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Pervasive stereotypes skew even our perception of nature — Beer vs. Bread

Magpie Identity Crisis

by Greg I. Hamilton on April 4, 2011

Beautiful plumage, the Norwegian Blue

Magpies are birds with an identity crisis. They have a lovely, timeless plumage that will always walk Paris runways with confidence, regardless of what the new black (or white or blue) is this year.

They eat roadkill.

They have this quite acceptable, relatively benign call.* It’s a sort of mezzo “squayk” that is neither the shrill screech of those millions of annoying birds nor the gravelly complaint of their grumpiest feathered friends.

They scavenge garbage.

Based on their dining habits, I would have expected something more like a vulture’s repulsive bald red head and a grackle’s screechy dry-heave call. No wonder their cartoonist, Paul Terry, did a significant make-over on the world’s two most famous magpies, Heckle and Jeckle (right). The real magpie is svelte, vogue, and articulate. Hardly a cartoon character.

Really, this is the magpie? I could picture such ditch and dumpster divers making a sound like fingernails upchucking on chalkboard. I envision them in the mismatched Technicolor feathers of a fashion disaster. I imagine an oversized head with turkey neck waggles. I picture them waddling through swamps in a flightless turd-brown hump of a body with gangly blister-red ankles and splayed feet that no manicure could cure. But, no.

Perhaps the problem here is my own (and either way it has nothing to do with “neck waggles”). I’m referring, of course, to Robert M. Pirsig’s platypus principle. Back in 1991 he challenged all those academics who got upset over the fact that an egg-laying mammal— the platypus— suddenly showed up on the scene after they’d deemed such a creature impossible. Platypus behavior was, of course, absolutely forbidden according to all the years of hard laboratory work these biologists had invested in dissecting all the other mammals they could get their scalpels on. But as Pirsig points out:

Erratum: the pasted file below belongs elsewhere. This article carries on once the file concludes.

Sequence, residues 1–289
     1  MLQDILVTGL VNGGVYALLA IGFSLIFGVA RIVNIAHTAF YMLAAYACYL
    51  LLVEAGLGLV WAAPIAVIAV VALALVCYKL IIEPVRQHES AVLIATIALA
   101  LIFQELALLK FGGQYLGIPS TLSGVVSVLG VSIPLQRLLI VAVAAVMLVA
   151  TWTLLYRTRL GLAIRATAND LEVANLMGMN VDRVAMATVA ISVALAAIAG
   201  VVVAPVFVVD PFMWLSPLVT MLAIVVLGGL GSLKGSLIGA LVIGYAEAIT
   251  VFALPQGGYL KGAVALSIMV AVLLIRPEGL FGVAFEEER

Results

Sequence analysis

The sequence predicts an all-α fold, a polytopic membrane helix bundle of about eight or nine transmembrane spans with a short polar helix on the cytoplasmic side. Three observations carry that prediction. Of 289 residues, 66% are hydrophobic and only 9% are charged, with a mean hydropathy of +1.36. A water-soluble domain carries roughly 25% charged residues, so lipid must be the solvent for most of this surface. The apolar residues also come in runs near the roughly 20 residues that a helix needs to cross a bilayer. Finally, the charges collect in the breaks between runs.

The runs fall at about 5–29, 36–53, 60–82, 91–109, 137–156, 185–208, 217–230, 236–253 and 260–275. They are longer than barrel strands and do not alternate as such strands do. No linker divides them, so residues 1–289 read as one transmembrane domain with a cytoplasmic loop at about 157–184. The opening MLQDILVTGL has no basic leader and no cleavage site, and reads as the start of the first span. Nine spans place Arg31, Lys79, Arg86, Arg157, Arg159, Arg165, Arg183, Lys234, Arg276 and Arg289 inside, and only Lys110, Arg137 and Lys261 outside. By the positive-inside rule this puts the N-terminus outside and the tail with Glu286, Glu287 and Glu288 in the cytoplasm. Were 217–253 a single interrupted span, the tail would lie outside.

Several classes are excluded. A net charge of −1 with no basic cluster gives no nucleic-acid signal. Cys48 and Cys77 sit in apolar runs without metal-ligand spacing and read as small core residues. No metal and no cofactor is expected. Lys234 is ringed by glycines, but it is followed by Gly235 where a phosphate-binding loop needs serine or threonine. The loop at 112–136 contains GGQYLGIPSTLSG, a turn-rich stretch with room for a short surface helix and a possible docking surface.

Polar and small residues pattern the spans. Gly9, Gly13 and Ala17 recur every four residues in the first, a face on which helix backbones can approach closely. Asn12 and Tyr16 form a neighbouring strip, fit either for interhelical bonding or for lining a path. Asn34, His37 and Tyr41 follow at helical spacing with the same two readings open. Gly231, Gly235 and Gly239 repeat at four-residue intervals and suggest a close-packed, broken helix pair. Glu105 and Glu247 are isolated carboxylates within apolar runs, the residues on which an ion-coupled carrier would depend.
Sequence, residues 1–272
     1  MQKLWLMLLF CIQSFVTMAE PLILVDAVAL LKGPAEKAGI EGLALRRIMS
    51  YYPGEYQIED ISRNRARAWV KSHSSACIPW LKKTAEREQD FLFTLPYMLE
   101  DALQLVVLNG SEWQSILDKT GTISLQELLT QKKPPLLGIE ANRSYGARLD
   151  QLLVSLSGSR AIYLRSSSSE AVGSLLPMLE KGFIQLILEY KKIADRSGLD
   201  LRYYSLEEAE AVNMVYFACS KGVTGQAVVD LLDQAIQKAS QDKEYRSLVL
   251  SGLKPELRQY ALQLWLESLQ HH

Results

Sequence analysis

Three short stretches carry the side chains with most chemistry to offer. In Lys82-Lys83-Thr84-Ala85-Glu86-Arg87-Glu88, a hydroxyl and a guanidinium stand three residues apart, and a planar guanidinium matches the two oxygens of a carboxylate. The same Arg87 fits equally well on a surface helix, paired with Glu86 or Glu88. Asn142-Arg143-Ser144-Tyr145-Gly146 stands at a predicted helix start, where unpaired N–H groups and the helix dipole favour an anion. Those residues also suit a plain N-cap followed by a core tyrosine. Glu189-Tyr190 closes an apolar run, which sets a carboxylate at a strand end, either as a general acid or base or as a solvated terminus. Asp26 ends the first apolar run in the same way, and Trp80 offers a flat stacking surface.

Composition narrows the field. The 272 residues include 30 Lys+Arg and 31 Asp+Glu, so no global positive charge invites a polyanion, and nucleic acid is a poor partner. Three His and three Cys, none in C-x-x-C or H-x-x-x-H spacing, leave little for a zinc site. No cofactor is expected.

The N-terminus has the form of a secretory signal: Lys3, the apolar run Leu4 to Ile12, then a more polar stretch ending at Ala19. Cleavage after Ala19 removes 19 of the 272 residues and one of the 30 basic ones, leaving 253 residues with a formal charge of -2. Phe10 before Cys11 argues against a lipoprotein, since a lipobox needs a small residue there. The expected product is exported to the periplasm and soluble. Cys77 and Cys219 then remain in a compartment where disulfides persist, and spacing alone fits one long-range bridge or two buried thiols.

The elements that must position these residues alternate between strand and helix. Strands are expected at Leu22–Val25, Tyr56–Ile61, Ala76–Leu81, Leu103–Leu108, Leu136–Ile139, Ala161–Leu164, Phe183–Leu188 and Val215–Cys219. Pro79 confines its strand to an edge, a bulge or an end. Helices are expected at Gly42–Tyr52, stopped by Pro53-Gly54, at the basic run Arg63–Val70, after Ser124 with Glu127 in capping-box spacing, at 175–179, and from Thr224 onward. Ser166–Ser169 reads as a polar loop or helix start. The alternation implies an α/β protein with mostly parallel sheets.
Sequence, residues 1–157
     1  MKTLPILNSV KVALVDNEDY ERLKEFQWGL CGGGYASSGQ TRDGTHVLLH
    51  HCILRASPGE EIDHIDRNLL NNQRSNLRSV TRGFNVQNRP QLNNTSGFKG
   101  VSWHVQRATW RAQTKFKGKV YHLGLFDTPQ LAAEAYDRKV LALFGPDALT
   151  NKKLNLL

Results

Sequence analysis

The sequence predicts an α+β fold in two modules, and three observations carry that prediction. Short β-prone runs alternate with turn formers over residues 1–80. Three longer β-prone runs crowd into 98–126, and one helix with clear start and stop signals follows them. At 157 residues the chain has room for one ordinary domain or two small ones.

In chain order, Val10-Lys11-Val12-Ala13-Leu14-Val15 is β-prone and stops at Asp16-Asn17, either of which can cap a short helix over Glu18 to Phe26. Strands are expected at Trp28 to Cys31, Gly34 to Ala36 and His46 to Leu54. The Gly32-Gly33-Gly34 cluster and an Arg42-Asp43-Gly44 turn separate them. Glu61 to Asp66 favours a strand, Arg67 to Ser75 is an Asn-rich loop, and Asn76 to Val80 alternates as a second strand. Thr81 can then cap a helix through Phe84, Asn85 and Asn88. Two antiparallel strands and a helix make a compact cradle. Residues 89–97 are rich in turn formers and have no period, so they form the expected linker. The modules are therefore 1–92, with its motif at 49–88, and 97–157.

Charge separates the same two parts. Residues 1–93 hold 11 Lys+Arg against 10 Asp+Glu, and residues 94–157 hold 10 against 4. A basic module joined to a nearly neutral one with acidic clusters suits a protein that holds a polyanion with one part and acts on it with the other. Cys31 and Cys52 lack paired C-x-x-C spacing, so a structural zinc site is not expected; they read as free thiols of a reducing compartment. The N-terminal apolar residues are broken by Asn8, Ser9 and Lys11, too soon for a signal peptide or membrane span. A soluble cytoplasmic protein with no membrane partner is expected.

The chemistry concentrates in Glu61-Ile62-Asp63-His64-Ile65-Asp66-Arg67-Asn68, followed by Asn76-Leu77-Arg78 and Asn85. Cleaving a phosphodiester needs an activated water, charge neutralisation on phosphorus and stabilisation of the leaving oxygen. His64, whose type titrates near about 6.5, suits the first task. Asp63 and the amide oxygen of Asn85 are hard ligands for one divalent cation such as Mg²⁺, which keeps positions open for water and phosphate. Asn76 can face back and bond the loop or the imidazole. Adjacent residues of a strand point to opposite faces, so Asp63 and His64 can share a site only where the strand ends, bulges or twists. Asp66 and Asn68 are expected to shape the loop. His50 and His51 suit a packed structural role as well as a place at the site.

The platypus isn’t doing anything paradoxical at all. It isn’t having any problems.  Platypi have been laying eggs and suckling their young for millions of years before there were any zoologists to come along and declare it illegal. The real mystery, the real enigma, is how mature, objective, trained scientific observers can blame their own goof on a poor innocent platypus — Robert M. Pirsig, Lila

So perhaps my preconceived notions are wrong. Perhaps it’s time to reevaluate my stereotypes of what a carcass-plucker ought to look and sound like. Gosh, to look so nice, I too might be willing to slurp some roadway raspberries now and then. To sing like that, I too might gobble down a furry Frisbee or two.

Thanks for reading. Cheers,


* Can’t conjure a magpie call in your head? Here’s an excellent one-minute YouTube clip which balances suspense and payoff beautifully. This one was a bit more theatrical than the one I heard on the walk home tonight.

Roadkill photo by goingslo. Promotional image of Heckle and Jeckle used per U.S. Copyright fair use.

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